Almost 20 years ago, Eve Ensler, an American, wrote an episodic play called ‘The Vagina Monologues’ at the ‘Off Broadway Westside Theater’, a play that has been successfully staged internationally.
Two years after her play rose to fame, she launched a non-profit movement called the V-day with Willa Shalit in 1998. It has raised over US$100 million for groups working to end violence against women and girls through benefits from ‘The Vagina Monologues’.
On April 7, 2015 at the Fuzion D’Afrique located in Sinkor, a girls’ organization known as ‘The Association for the Advancement of Liberian Girls (AALG) hosted its fourth annual Vagina Monologues under theme : "Leave My Vagina Alone".
“The real reason why we’re having these monologues is to spread awareness of what is really happening here with the young girls,” stated Salamartu Duncan, one of its organizers.
“At our first Monologues, there were about seven people who showed up. The next year we had a few more people and by the third year we had a lot more.”
According Vagina Monologues’ Liberia co-organizer Marjean Sherman, each event that has been held so far has earned proceeds that benefit the Liberian girls’ organization.
"With (proceeds from) all of the Monologue events, we have been able to build two reading rooms and we want to build six more around the country,” added Marjean,
“We also focus on education for the girls. We have a mentoring program through which women who attend the Monologues help to mentor girls from ages six and upwards on sexual awareness,” Marjean stated.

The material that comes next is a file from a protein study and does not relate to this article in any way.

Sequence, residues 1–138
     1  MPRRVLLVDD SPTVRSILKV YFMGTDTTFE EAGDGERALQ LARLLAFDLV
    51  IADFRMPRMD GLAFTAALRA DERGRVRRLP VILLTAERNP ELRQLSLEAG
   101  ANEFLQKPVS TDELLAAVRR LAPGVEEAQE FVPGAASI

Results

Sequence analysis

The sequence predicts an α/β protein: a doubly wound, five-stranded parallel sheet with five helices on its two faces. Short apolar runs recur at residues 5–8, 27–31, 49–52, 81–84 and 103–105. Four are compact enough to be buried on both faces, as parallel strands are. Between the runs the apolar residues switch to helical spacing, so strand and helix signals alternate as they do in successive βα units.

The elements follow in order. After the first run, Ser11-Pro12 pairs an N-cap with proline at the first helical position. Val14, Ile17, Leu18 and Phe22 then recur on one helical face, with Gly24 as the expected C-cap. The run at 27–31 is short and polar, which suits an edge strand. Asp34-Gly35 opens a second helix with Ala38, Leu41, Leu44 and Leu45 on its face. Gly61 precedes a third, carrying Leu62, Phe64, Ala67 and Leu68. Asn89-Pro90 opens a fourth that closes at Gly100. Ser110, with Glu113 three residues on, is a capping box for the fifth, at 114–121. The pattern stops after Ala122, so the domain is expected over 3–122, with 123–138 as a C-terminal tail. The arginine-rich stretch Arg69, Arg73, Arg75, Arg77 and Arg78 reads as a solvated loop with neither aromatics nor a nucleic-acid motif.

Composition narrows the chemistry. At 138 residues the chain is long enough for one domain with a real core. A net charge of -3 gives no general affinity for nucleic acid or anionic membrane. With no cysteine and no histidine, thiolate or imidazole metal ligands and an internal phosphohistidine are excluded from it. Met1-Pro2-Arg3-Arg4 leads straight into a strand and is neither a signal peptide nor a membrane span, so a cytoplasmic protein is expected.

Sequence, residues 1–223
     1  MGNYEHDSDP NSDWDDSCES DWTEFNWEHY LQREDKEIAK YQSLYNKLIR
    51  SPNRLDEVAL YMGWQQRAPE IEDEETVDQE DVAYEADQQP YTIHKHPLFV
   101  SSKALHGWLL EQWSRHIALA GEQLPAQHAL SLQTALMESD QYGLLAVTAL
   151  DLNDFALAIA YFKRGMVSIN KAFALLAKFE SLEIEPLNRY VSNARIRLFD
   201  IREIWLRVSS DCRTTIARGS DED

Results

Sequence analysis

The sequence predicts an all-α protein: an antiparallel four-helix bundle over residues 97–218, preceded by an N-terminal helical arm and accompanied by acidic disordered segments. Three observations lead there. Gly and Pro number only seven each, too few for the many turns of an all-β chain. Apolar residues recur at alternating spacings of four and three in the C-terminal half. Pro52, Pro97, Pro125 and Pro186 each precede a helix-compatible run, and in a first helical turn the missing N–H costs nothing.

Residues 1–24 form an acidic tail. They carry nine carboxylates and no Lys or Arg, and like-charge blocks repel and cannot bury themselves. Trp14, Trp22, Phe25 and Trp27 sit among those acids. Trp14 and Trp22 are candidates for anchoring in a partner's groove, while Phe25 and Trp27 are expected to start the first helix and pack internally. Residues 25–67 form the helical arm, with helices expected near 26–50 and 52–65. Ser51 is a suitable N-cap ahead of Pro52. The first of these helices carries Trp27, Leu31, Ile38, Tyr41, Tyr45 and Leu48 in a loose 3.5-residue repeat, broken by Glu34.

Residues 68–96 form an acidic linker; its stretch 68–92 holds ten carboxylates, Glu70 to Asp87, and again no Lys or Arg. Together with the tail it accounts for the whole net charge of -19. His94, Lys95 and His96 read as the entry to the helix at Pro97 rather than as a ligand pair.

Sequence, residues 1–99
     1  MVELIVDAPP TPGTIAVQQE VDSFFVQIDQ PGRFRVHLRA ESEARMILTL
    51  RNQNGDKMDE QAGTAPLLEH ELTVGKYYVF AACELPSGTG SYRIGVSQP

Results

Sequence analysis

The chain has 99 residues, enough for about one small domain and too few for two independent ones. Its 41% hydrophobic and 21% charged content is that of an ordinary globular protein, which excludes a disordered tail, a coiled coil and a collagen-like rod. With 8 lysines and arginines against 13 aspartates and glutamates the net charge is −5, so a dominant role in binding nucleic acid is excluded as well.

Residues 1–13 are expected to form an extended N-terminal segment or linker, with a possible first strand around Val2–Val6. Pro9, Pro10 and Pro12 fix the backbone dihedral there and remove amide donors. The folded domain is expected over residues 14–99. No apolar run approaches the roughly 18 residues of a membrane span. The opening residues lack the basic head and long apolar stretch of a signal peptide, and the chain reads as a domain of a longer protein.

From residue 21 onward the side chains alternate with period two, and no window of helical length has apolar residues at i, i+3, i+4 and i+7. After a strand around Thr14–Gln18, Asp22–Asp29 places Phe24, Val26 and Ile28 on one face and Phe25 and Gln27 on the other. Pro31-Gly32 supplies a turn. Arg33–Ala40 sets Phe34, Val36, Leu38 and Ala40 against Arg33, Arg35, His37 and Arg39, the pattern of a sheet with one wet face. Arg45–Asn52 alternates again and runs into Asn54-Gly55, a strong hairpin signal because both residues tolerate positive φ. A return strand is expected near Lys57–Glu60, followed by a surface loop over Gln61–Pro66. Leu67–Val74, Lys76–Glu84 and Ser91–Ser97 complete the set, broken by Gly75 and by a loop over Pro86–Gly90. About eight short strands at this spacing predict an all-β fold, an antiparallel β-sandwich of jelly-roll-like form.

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According to Salamartu, AALG feels that the Vagina Monologues will help alert women and girls about sexual violence, which she confirmed is rampant.
“We know that each and every one of you can help us to stop the sexual violence against women. Ebola has taken over our news, but so has rape cases against girls all under the age of 13. Each was raped and murdered.
“So, a group of ladies got together to start a campaign because we are trying to figure out what is happening with these cases and why are so many people raping young girls,” she said.
Meanwhile, the Vagina Monologues featured presentations from several personalities including Lisa White, Stephanie Carey, Charlene Perry, Jessie Hamsun and a few others reading monologues that dealt with feminine experiences such as sex, love, rape, menstruation, FGM, masturbation, birth and the multiplicity of names for the vagina.
“The word vagina makes people cringe when it is uttered,” acknowledged Salamartu.
Special guests who attended the event included More Than Me’s CEO Katie Meyler, Break the Silence head Paul Newman and several other celebrities who say they are interested in knowing what is happening in Liberia.
“Here’s a fact about Liberia: 80% of rape victims are under the age of 15, some as young as three years old – babies!” exclaimed Salamartu. "And usually they die when they are raped.
“We have the strongest rape laws. If you’re accused of raping somebody, they grab you and put you in jail. But, ehn you know this is Liberia? You go to court and, yeah, yeah yeah…” she said, chiding the system.
Paul Newman, who spoke for a new group called Break the Silence says he is in support of any group that wants to battle sexual violence against girls and women.
Gender Minister Julia Duncan Cassel in a recent statement said she believes that the battle against sexual violence can only be won if Liberian children are given sex education.